All those people who think that, because we live in the south of France we must enjoy balmy weather all year round, please study the photo above carefully. This is how it was around 10h00 today. It didn’t stop all day and when we last checked we had had around a foot (30 decimetres) of snow.
Our département was one of eight or so that were on vigilance orange (orange alert) from Météo France and will be tomorrow as well. Parts of the Pyrénées were on vigilance écarlate (red alert), which is rare, and were expecting a mega-dump of a couple of metres and avalanches to go with them.
And this is the view at the back this morning:
This is an increasingly common occurrence. When we first moved here in 1997 it barely snowed at all in the winter – maybe a couple of centimetres, which had thawed by lunchtime. Fast forward about eight years and being snowed in became an occupational hazard here. Now, we are snowed in at least twice a year and it happened at least six times during 2010.
Today’s snow was heavy and wet, coming from the south, but they forecast minus 11C tonight, which will fix it like concrete. We spent today shaking snow off the more vulnerable trees, brushing it off the cars so that we have some chance of getting out when it does thaw, clearing it off the internet satellite dish, turning off all the outside taps, making sure the birds are well provisioned with fat balls and stoking up the woodburner. Fortunately, the electricity has stayed on but EDF must be tearing out its collective hair trying to keep France supplied.
Even our pluviomètre (rain gauge) was struggling with a large lump of snow on top. Since the SF is strongly attached to his statistics, there was no way he was going to let x mm of water go unrecorded. So we brought it inside twice and rigged up a Heath Robinson arrangement to avoid losing any precious precipitation. I can report that we recorded 33.5 mm of melted snow today.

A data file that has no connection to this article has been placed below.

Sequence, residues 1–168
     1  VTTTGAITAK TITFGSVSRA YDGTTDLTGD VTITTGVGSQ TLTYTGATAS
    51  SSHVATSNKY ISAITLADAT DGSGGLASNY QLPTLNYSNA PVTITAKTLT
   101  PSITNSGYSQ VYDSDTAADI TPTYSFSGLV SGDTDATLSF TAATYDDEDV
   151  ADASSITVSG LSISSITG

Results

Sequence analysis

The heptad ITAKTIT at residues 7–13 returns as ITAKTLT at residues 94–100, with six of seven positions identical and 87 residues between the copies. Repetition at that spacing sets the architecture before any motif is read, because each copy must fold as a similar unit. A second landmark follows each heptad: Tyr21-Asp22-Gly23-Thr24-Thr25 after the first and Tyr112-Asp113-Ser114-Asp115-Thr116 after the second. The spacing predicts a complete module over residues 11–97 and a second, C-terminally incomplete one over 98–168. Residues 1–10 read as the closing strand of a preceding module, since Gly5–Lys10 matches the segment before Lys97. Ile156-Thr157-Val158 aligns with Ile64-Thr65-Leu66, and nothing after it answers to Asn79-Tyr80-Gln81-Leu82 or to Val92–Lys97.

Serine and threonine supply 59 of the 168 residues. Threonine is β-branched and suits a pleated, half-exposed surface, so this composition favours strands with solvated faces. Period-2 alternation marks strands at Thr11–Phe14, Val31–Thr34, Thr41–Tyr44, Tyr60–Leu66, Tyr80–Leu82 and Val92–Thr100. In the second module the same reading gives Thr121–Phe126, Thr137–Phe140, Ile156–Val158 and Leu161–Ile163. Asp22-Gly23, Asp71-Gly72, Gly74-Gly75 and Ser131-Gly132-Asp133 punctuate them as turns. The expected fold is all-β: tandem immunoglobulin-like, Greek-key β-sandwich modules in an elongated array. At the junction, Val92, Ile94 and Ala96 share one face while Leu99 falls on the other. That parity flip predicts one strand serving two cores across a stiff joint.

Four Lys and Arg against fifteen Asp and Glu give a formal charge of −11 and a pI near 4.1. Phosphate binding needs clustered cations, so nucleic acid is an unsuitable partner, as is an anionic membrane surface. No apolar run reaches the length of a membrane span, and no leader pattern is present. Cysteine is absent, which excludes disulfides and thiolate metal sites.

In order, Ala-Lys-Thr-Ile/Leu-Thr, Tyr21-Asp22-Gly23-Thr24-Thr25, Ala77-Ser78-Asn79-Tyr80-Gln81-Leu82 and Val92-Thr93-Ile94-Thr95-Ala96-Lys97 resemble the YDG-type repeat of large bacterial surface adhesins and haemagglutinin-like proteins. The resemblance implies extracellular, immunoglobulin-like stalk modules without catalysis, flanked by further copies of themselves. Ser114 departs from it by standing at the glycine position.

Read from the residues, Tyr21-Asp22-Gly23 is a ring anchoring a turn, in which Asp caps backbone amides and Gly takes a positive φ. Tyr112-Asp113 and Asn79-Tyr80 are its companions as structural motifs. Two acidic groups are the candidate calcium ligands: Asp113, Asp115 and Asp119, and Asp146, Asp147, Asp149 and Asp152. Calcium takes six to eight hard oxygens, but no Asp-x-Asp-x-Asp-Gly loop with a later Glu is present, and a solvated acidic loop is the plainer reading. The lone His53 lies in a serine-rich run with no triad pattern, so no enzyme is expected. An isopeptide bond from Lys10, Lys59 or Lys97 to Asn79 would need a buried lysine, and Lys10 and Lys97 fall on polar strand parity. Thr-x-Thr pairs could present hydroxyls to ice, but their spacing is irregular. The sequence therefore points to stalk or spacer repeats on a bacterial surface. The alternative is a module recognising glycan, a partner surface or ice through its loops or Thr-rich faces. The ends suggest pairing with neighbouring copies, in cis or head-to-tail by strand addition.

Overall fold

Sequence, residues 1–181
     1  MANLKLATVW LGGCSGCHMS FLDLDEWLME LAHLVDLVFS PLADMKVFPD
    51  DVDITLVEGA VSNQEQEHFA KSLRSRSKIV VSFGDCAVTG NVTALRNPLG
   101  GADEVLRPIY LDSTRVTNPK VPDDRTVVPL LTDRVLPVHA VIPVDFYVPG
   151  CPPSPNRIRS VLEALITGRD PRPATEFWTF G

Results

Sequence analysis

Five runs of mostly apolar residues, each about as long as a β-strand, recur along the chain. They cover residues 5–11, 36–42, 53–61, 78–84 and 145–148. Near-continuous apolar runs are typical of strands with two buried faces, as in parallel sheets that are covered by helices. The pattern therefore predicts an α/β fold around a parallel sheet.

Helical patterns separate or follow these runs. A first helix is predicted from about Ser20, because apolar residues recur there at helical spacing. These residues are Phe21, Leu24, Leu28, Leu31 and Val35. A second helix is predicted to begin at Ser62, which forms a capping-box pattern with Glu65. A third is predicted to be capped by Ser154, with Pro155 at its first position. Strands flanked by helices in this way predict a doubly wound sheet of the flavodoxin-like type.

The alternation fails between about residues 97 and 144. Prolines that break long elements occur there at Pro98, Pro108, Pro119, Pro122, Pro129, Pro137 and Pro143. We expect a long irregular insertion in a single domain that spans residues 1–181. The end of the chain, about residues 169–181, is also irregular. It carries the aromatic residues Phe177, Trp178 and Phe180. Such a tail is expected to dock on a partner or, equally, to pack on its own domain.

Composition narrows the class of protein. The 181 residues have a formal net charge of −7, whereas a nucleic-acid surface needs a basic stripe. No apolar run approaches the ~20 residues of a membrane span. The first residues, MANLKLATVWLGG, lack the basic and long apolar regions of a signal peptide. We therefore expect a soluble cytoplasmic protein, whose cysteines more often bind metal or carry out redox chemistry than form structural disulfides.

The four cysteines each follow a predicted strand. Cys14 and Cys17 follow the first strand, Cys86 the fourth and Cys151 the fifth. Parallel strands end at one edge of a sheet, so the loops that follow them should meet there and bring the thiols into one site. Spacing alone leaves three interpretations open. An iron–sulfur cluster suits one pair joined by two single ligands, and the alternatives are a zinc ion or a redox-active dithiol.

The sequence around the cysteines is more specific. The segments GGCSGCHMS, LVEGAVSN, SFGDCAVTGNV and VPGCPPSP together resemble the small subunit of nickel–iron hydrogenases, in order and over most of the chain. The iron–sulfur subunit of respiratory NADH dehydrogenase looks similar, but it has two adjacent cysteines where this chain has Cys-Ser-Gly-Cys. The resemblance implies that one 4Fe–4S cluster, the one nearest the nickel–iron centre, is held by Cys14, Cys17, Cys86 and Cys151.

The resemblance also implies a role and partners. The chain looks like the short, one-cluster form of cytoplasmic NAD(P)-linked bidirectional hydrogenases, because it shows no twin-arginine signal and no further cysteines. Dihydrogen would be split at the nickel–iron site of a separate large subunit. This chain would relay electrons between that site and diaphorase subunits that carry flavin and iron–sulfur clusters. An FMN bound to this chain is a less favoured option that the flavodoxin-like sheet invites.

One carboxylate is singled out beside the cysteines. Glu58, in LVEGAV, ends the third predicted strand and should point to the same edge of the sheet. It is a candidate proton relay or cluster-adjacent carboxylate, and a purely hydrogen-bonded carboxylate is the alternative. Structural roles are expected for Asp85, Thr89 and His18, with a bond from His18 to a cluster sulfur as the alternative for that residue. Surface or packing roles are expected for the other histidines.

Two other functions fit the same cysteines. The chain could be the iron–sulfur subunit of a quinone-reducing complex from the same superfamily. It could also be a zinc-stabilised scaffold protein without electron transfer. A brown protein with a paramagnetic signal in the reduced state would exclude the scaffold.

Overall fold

Our neighbour Monsieur F, now well into his eighties, says that it was always like this in the winter when he was a boy. The prevalence in the area of houses with slate roofs, from which the snow can slide easily, confirms this. It’s only in more recent years that they have started to use tuiles canales (Roman tiles) in building here, which are less efficient at removing the snow.
Here are a few tips – not exhaustive – for those thinking of buying down here and who don’t realise how cold it can get. The difference between summer and winter is much more marked here than it is in the UK – you could be on difference planets in different seasons:
- Don’t rely on electricity; install a woodburning stove or other forms of heating that are not dependent on electricity.
- Buy in plenty of wood – more than you think you need – well before the winter. Forage for kindling every time you go for a walk.
- Don’t throw out your woolly pullies: you’ll need them. And the thermal underwear.
- Make sure you’ve always got food in the freezer and store-cupboard staples such as rice, lentils, pasta and UHT milk.
- Lay in a good stock of DVDs etc for those long winter evenings.
As they say here, “Restez au chaud” (stay in the warm).
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